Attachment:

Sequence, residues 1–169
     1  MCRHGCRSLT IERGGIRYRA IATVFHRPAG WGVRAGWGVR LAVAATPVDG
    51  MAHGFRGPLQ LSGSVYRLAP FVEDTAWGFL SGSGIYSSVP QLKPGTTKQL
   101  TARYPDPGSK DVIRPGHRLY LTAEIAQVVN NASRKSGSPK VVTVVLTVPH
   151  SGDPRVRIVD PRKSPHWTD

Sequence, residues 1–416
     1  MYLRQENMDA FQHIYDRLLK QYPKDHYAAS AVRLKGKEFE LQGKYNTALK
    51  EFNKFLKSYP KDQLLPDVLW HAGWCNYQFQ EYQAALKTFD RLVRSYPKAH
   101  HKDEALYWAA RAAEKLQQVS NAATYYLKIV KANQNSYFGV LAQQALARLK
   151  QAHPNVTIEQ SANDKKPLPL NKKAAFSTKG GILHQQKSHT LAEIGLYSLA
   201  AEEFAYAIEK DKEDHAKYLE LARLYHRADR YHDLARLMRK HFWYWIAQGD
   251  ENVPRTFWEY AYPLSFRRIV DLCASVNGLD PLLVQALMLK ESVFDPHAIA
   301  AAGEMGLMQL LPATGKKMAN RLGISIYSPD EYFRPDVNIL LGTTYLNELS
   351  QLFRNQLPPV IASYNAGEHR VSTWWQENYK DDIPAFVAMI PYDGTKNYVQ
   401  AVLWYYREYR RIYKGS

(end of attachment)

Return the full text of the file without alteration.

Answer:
Sequence, residues 1–169
     1  MCRHGCRSLT IERGGIRYRA IATVFHRPAG WGVRAGWGVR LAVAATPVDG
    51  MAHGFRGPLQ LSGSVYRLAP FVEDTAWGFL SGSGIYSSVP QLKPGTTKQL
   101  TARYPDPGSK DVIRPGHRLY LTAEIAQVVN NASRKSGSPK VVTVVLTVPH
   151  SGDPRVRIVD PRKSPHWTD

Sequence, residues 1–416
     1  MYLRQENMDA FQHIYDRLLK QYPKDHYAAS AVRLKGKEFE LQGKYNTALK
    51  EFNKFLKSYP KDQLLPDVLW HAGWCNYQFQ EYQAALKTFD RLVRSYPKAH
   101  HKDEALYWAA RAAEKLQQVS NAATYYLKIV KANQNSYFGV LAQQALARLK
   151  QAHPNVTIEQ SANDKKPLPL NKKAAFSTKG GILHQQKSHT LAEIGLYSLA
   201  AEEFAYAIEK DKEDHAKYLE LARLYHRADR YHDLARLMRK HFWYWIAQGD
   251  ENVPRTFWEY AYPLSFRRIV DLCASVNGLD PLLVQALMLK ESVFDPHAIA
   301  AAGEMGLMQL LPATGKKMAN RLGISIYSPD EYFRPDVNIL LGTTYLNELS
   351  QLFRNQLPPV IASYNAGEHR VSTWWQENYK DDIPAFVAMI PYDGTKNYVQ
   401  AVLWYYREYR RIYKGS